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Logic definitions

Webster's 1828 Dictionary

LOG'IC, n. [L. id; Gr. from reason, to speak.]
The art of thinking and reasoning justly.
Logic is the art of using reason well in our inquiries after truth, and the communication of it to others.
Logic may be defined, the science or history of the human mind, as it traces the progress of our knowledge from our first conceptions through their different combinations, and the numerous deductions that result from comparing them with one another.
Correct reasoning implies correct thinking and legitimate inferences from premises, which are principles assumed or admitted to be just. Logic then includes the art of thinking, as well as the art of reasoning.
The purpose of logic is to direct the intellectual powers in the investigation of truth, and in the communication of it to others.

WordNet (r) 3.0 (2005)

n
1: the branch of philosophy that analyzes inference
2: reasoned and reasonable judgment; "it made a certain kind of logic"
3: the principles that guide reasoning within a given field or situation; "economic logic requires it"; "by the logic of war"
4: the system of operations performed by a computer that underlies the machine's representation of logical operations
5: a system of reasoning [syn: logic, logical system, system of logic]

Merriam Webster's

noun Etymology: Middle English logik, from Anglo-French, from Latin logica, from Greek logik?, from feminine of logikos of reason, from logos reason more at legend Date: 12th century 1. a. (1) a science that deals with the principles and criteria of validity of inference and demonstration ; the science of the formal principles of reasoning (2) a branch or variety of logic <modal logic> <Boolean logic> (3) a branch of semiotic; especially syntactics (4) the formal principles of a branch of knowledge b. (1) a particular mode of reasoning viewed as valid or faulty (2) relevance, propriety c. interrelation or sequence of facts or events when seen as inevitable or predictable d. the arrangement of circuit elements (as in a computer) needed for computation; also the circuits themselves 2. something that forces a decision apart from or in opposition to reason <the logic of war> logician noun

Oxford Reference Dictionary

n. 1 a the science of reasoning, proof, thinking, or inference. b a particular scheme of or treatise on this. 2 a a chain of reasoning (I don't follow your logic). b the correct or incorrect use of reasoning (your logic is flawed). c ability in reasoning (argues with great learning and logic). d arguments (is not governed by logic). 3 a the inexorable force or compulsion of a thing (the logic of events). b the necessary consequence of (an argument, decision, etc.). 4 a a system or set of principles underlying the arrangements of elements in a computer or electronic device so as to perform a specified task. b logical operations collectively. Derivatives: logician n. Etymology: ME f. OF logique f. LL logica f. Gk logike (tekhne) (art) of reason: see LOGOS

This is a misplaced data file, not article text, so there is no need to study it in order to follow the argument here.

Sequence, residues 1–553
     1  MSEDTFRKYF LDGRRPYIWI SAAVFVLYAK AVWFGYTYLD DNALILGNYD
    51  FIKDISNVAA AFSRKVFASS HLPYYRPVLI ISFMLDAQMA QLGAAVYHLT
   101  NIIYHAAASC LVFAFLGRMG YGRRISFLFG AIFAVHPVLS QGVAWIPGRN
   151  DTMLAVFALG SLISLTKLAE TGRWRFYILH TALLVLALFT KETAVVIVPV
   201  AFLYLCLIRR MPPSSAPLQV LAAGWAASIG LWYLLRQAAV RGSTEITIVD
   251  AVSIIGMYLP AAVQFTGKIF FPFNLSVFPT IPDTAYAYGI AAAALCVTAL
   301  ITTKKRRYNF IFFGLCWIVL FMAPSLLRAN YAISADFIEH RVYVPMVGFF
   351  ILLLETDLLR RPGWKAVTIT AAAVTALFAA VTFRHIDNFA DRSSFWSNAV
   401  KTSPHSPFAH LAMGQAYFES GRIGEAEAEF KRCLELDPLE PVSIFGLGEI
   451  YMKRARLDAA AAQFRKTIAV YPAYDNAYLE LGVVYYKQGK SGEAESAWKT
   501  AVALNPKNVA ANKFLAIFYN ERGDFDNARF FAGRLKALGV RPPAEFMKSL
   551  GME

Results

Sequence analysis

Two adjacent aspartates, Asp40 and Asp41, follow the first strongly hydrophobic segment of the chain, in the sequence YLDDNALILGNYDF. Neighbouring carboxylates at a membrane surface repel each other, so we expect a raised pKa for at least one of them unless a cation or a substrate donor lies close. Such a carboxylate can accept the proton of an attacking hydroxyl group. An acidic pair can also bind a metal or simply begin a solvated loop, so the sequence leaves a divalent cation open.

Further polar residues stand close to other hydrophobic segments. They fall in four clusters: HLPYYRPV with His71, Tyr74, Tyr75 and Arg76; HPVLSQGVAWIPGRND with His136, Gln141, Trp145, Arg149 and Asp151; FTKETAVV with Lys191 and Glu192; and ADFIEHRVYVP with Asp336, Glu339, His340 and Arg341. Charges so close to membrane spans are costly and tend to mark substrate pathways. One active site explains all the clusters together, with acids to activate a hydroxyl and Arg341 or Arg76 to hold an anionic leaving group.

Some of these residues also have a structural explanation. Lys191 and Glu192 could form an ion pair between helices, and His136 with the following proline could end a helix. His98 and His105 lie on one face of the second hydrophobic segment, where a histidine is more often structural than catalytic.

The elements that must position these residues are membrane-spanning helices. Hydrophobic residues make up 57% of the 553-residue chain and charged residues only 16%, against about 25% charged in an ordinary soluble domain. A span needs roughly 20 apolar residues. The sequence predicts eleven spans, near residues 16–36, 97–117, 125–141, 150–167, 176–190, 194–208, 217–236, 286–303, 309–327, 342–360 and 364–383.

Webster's 1913 Dictionary

Logic Log"ic, n. [OE. logike, F. logique, L. logica, logice, Gr. logikh` (sc. te`chnh), fr. logiko`s belonging to speaking or reason, fr. lo`gos speech, reason, le`gein to say, speak. See Legend.] 1. The science or art of exact reasoning, or of pure and formal thought, or of the laws according to which the processes of pure thinking should be conducted; the science of the formation and application of general notions; the science of generalization, judgment, classification, reasoning, and systematic arrangement; correct reasoning.

Collin's Cobuild Dictionary

1. Logic is a method of reasoning that involves a series of statements, each of which must be true if the statement before it is true. Apart from criminal investigation techniques, students learn forensic medicine, philosophy and logic. 2. The logic of a conclusion or an argument is its quality of being correct and reasonable. I don't follow the logic of your argument... There would be no logic in upsetting the agreements. N-UNCOUNT: oft N of n 3. A particular kind of logic is the way of thinking and reasoning about things that is characteristic of a particular type of person or particular field of activity. The plan was based on sound commercial logic. N-UNCOUNT: with supp, oft adj N

Soule's Dictionary of English Synonyms

n. 1. Science of reasoning, science of the laws of thought, analysis of the process of reasoning. 2. Dialectics. reasoning.

Moby Thesaurus

Aristotelian logic, Boolean algebra, Ramistic logic, admissibility, aesthetics, algebra of classes, algebra of relations, axiology, casuistry, common sense, cosmology, deduction, dialectic, dialectics, doctrine of inference, doctrine of terms, epistemological logic, epistemology, ethics, experimental logic, first philosophy, formal logic, gnosiology, good sense, intelligence, judiciousness, justifiability, justness, logicality, logicalness, logics, logistic, material logic, mathematical logic, mental philosophy, metaphysics, moral philosophy, ontology, phenomenology, philosophastry, philosophic doctrine, philosophic system, philosophic theory, philosophical inquiry, philosophical speculation, philosophy, plausibility, practicality, presence of mind, propositional calculus, psychological logic, psychologism, ratiocination, rationality, reason, reasonability, reasonableness, reasoning, school of philosophy, school of thought, science of being, sense, sensibleness, set theory, sophistry, sound sense, soundness, sweet reason, theory of beauty, theory of knowledge, value theory, wisdom



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